We’ve all been stuck in bad meetings.

Agenda? Undefined. Arrive early and you’ll start 10 minutes late anyway. Who’s in charge? No one knows. No one seems to agree on anything and it’s beginning to show that this meeting was fruitless. Now you’re left with the same unfinished work but with fewer hours to do it. Does it feel like you just wasted your time? 

We could go on and on about the inconveniences that blow any meeting’s time away. However, to save you some time—unlike what that meeting did—we gathered 9 rules to follow whenever you’re calling a meeting.

9 Rules for meetings to keep in mind from now on:

2. Schedule Meetings Ahead of Time

Giving employees an early notice for your scheduled meetings is important. To save everyone’s time, set clear goals for your meetings and give at least a day’s notice.

4. Don’t Schedule More Time Than You Need

Most meetings are scheduled for a full hour when all they need is 20 minutes. Booking shorter meeting slots actually helps people focus. Unless it’s a workshop or a serious work issue that needs to be covered in a long period of time, don’t waste people’s work hours.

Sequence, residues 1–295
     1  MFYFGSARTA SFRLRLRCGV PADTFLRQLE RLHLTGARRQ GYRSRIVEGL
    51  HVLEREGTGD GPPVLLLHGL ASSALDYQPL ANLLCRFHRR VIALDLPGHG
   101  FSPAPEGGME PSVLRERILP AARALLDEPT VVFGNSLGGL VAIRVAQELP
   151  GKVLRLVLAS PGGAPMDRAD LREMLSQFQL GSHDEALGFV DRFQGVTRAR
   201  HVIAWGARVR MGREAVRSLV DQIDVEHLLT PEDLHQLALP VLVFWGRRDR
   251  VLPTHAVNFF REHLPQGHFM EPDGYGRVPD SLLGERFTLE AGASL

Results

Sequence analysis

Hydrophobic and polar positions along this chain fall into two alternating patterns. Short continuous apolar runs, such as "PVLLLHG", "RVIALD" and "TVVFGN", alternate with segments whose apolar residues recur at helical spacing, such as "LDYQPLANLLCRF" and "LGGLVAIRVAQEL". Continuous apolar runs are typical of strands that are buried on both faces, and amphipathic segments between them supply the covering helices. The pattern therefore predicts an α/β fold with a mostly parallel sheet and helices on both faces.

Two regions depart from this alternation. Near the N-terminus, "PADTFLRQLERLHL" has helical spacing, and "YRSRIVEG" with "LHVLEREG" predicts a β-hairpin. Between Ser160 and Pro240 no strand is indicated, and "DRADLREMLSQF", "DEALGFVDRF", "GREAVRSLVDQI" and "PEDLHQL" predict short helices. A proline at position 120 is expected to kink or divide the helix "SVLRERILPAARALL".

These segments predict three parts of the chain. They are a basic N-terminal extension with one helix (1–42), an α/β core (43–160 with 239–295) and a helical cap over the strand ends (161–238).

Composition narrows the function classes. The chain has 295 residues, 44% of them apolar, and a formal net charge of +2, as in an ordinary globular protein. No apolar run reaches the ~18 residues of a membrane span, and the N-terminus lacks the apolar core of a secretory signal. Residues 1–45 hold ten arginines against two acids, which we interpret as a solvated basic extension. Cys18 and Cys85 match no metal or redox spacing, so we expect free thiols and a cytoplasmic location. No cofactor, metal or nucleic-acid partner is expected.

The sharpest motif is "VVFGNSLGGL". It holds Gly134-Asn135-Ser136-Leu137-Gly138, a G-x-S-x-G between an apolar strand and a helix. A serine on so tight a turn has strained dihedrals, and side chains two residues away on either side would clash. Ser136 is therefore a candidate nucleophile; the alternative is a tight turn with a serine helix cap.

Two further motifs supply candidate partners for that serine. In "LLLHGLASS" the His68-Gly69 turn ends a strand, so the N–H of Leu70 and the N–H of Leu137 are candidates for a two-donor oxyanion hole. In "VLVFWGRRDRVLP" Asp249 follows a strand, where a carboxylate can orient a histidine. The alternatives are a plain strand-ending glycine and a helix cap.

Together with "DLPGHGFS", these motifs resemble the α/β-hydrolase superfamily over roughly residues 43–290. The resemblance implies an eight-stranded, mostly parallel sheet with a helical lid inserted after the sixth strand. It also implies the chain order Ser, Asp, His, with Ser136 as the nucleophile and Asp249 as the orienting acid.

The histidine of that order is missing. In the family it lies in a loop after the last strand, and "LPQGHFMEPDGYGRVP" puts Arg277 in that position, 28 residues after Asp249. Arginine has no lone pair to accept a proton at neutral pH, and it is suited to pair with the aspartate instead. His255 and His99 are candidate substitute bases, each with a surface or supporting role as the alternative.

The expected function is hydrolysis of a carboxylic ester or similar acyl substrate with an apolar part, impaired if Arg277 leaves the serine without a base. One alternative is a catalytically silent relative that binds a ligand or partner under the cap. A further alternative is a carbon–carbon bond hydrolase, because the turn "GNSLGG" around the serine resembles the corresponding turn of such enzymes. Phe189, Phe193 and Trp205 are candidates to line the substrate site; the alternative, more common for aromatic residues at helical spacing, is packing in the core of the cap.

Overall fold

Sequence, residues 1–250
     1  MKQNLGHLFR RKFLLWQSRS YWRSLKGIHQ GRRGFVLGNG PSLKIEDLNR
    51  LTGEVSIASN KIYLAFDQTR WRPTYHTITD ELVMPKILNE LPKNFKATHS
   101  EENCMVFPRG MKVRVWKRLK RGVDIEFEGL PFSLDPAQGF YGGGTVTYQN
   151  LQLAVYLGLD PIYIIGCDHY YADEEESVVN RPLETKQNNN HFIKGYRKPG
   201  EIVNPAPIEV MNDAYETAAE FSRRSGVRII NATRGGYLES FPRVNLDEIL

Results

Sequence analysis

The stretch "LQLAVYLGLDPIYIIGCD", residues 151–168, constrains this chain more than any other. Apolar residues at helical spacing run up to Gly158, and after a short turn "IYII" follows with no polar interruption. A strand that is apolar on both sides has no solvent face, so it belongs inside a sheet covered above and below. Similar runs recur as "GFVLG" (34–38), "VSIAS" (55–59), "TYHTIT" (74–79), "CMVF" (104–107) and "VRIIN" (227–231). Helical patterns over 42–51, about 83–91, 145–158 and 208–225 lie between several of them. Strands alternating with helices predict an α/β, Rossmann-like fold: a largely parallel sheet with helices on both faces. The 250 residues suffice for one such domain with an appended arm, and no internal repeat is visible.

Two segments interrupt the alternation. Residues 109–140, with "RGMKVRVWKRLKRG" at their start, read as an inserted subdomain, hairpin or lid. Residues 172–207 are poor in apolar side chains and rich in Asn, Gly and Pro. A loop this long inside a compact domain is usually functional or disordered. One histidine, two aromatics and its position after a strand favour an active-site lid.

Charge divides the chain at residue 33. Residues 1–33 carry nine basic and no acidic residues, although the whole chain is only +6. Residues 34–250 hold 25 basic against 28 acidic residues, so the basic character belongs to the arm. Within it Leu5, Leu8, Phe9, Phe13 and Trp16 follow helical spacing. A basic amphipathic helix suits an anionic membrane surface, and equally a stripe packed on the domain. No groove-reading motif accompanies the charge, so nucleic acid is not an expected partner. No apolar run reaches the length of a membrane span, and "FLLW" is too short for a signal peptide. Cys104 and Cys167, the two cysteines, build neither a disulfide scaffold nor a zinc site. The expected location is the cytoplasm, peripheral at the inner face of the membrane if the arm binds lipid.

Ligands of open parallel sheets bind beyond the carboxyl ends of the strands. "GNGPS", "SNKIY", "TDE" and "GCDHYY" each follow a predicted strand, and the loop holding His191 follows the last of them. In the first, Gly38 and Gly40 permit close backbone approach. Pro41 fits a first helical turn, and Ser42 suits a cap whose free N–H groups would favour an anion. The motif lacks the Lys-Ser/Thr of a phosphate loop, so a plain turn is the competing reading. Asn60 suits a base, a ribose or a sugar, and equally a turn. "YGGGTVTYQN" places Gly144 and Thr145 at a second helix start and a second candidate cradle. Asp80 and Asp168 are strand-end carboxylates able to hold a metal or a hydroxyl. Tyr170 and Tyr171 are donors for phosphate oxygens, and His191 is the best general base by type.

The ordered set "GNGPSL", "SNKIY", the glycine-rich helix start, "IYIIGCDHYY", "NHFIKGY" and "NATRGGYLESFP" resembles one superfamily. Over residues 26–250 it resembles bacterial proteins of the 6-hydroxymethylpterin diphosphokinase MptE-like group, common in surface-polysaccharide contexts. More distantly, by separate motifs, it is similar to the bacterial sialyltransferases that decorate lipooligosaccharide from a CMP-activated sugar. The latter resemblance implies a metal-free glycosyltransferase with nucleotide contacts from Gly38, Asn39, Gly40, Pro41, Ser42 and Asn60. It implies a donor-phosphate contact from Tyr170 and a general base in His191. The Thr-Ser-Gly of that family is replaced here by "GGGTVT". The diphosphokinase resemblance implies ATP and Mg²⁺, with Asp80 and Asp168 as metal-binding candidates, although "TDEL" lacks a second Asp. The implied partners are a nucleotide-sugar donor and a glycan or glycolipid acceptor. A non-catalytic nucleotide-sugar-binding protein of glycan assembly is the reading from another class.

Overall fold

5. Everyone Needs to RSVP

Make sure people confirm their attendance. This rule is more than just time-saving, it’s energy-saving too. Think about it. Would you rather set up a meeting with a full house or set up a number of meetings to accomodate absent coworkers?

6. Check Everyone’s Calendar

Don’t make assumptions about a suitable date for the meeting. Rather than creating overlapping meetings, first take a moment to check everyone’s calendar. Stay open to finding a date that suits everyone instead of causing disruption to people’s work schedules. 

7. No Agenda = No Meeting

It’s an obvious yet underestimated requirement. If there’s no agenda, then there’s no need to cut everyone’s workflow. Have a clear goal behind the meeting and highlight the key points you need to cover. Don’t just wing it! Preparation is key. 

8. Start on Time. End Five Minutes Early

No matter what condition you’re in and no matter who’s late, start your meeting on time. Let your punctuality set the standard for future meetings. This shows you respect everyone’s time.

As a bonus, end your meeting five minutes early. 

9. Create an Action Plan

If there are certain actions or steps required, then you need to define your three W’s: 

  • What is the action? 
  • Who is the action assigned to? 
  • When does it need to be submitted?

This keeps everyone on the same page and involved in reaching milestones. 

Document every campaign and strategy idea mentioned in the meeting. Follow up with who is handling which task and what actions should be taken. Last of all, don’t leave the room without a clear plan. 

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